Presented here are pivotal questions for Class 10 Geography Chapter 4, "Agriculture," meticulously curated to bolster students' preparation for the CBSE Class 10 Social Science Examination 2023-24. This assortment encompasses a wide array of question types, designed to elucidate concepts, refine exam strategies, fortify analytical abilities, and foster a sense of assurance in students.
In Chapter 4 of Class 10 Geography, you'll delve into the substantial engagement of approximately two-thirds of India's population in agricultural endeavours. Agriculture holds a pivotal role, being a primary endeavour that provides the majority of essential raw materials for a wide range of industries. As you progress through the chapter, you'll delve into an exploration of diverse farming techniques, cropping patterns, and the significant crops cultivated across India. Ultimately, the chapter concludes by shedding light on the profound contribution of Agriculture to the national economy, employment landscape, and overall output.
This rearing of silkworms to produce silk is called sericulture.
India is the world's largest producer of milk, pulses and Jute. India ranks as the second-largest producer of rice, wheat, sugarcane, groundnut, vegetables, fruit and cotton.
Features of Kharif crop season :
(i) It begins with the onset of monsoon in May.
(ii) Crops are harvested in September – October.
(iii) Requires more rainfall between 100-110 cm.
(iv) It requires loamy or alluvial soil.
Features of Rabi crop season :
(i) It begins with the withdrawal of the monsoon in October. They are sown in winters from October to December.
(ii) At the time of ripening, it requires bright sunshine and is harvested in Summer from April to June.
(iii) Crops depend on sub-soil moisture.
(iv) Requires less rainfall between 50-75 cm. Availability of precipitation during winter months due to western temperate cyclones help in the success of these crops.
The features of primitive subsistence farming are given below :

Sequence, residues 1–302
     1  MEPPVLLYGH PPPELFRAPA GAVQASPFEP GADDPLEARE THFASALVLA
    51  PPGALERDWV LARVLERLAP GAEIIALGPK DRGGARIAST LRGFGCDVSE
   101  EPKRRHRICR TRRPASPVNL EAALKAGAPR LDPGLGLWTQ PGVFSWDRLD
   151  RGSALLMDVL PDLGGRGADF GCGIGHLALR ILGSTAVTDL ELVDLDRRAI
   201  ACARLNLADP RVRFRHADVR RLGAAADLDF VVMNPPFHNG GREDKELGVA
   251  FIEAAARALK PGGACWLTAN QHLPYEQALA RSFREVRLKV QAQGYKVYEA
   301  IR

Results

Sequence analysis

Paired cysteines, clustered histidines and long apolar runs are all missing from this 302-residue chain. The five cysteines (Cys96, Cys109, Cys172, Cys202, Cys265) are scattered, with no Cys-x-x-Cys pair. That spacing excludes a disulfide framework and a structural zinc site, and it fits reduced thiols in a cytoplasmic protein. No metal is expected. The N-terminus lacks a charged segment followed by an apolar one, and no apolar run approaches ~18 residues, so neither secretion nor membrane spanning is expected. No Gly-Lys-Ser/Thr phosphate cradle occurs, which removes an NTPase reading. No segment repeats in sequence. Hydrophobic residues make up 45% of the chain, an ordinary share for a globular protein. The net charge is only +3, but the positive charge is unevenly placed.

(i) It is practised on small patches of land with the help of primitive tools like hoe, dao and digging sticks with the help of family members.
(ii) It depends upon monsoons, natural fertility of soil and environmental suitability.
(iii) It is also called ‘slash and burn’ agriculture.
(iv) Farmers clear a patch of land and produce crops for their sustenance.
(v) When the soil fertility decreases, farmers shift to new area, clear forest by burning and again sow crops.
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Ans: The realm of agriculture encompasses crop cultivation and livestock breeding. This occupation holds great significance as farmers play a vital role in propelling the development and advancement of our nation.
Ans: Every state relies on its distinct monsoon seasons, pivotal for the growth and cultivation of crops. Monsoon rains hold immense importance in nurturing and sustaining crop cultivation.
Ans: Rice, wheat, millets, pulses, tea, coffee are some of the main crops in India.
Ans: Rice, a staple food crop in India, thrives in the flatlands of northern and northeastern regions, coastal areas, and delta regions.
Ans: The chapter covers essential themes such as various farming types, cropping patterns, major crops, non-grain food crops, non-food crops, and technological and institutional reforms.